WiTHiN feels VERY roomy with excellent visibility to the outside world. I had to make an adjustment to the seat height to get the horizon into the middle of the port lights, but after that I could see all around me no problem. With the ports open, I had a nice cooling breeze blowing through. The drive leg by MitrPak is SUPER SMOOTH and solid as a rock. 80 rpm felt like about 150 watts as per design. Resulting speed was 7.6 km / hr. (4.1 knots) Rick’s prediction was 8.2 km / hr, but I am sure that was based on mirror flat water conditions. It was windy and a bit wavy, so .75’ish km / hr slower is probably about right on. Ken and I raced sailboats and beat all of them. I reached a top speed of 10.3 km / hr (5.3 knots)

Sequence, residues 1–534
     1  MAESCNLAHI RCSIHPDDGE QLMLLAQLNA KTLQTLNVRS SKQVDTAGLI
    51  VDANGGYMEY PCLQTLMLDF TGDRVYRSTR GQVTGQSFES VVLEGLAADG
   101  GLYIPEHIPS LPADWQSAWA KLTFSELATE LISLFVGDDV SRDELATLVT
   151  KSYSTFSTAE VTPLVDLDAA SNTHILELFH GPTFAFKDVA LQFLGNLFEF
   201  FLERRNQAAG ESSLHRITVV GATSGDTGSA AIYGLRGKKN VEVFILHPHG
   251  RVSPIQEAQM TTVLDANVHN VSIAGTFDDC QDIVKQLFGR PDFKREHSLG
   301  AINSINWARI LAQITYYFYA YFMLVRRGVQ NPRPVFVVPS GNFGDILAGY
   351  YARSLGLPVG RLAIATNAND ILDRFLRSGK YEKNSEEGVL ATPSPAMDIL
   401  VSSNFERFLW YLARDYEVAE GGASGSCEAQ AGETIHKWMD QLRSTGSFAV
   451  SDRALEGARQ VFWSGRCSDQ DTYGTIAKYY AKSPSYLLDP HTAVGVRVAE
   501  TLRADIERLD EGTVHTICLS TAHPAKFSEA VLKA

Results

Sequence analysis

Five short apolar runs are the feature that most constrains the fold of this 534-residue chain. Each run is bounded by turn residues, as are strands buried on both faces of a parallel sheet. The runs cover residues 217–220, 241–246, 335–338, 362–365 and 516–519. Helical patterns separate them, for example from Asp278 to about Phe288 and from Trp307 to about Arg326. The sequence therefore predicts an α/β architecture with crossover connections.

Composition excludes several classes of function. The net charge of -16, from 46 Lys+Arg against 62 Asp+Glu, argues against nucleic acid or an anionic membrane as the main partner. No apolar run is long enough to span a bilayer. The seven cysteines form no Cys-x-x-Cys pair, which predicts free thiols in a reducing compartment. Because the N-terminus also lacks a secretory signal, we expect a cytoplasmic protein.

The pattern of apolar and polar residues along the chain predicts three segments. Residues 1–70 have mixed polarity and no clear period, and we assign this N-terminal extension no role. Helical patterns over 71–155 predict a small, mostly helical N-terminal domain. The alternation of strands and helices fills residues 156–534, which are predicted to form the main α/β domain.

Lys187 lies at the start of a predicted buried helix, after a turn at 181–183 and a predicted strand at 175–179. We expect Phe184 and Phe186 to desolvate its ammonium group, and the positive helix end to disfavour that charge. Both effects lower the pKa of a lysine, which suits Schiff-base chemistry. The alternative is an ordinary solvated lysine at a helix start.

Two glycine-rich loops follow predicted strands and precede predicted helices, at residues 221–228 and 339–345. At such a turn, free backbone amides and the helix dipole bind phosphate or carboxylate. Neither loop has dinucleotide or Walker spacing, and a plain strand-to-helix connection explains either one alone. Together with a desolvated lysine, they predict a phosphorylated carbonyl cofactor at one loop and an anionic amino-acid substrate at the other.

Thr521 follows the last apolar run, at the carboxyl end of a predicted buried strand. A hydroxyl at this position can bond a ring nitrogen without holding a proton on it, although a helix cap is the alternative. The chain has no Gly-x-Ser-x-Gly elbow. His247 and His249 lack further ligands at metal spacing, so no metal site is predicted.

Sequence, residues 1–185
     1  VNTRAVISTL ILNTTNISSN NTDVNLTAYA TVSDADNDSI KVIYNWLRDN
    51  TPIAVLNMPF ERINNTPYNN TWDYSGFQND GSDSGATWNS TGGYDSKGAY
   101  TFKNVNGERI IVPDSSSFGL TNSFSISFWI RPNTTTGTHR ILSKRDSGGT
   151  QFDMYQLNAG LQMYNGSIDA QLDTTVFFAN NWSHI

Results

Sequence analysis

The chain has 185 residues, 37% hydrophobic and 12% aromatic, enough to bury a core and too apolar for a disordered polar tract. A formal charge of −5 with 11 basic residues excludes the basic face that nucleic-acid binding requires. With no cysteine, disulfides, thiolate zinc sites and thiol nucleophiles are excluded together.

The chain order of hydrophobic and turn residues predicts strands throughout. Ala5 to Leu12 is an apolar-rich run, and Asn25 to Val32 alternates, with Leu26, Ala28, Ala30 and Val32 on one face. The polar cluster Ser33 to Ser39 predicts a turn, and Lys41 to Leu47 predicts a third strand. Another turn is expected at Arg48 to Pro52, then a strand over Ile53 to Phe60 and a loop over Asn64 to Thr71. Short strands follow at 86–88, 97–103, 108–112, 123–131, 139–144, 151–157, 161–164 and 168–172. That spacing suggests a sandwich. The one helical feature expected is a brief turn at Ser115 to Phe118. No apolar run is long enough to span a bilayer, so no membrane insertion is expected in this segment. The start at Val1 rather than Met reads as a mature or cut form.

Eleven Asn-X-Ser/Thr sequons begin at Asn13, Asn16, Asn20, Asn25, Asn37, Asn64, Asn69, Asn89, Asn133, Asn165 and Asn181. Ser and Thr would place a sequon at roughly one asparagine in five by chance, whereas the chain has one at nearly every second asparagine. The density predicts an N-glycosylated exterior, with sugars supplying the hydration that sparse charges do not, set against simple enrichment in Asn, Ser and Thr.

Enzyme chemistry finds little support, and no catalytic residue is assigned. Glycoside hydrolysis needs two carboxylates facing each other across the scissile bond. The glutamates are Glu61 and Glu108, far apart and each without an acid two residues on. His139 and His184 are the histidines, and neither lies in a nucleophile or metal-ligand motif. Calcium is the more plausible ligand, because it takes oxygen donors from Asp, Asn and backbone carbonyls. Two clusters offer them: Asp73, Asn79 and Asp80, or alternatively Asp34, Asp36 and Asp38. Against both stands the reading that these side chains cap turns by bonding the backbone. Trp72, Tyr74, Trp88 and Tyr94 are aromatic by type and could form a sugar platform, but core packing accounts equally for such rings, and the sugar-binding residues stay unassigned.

WiTHiN turns on a dime like the prototype did with a nice roll into the turn followed by a slight roll to the opposite side, then leveling out. The rudder controls were easy to operate with one hand, and the rudder is nicely balanced, as I could take my hand off the lever during a turn and the rudder would stay exactly where it was set. Winds were 15 to km / hr and inside the protected cockpit, I didn’t even notice the wind aside from a slight lean to the side. It will be interesting to get WiTHiN into some real wind. My speed going into the wind didn’t seem much different than the speed with the wind (but I don’t have a watts meter, so that is a bit subjective).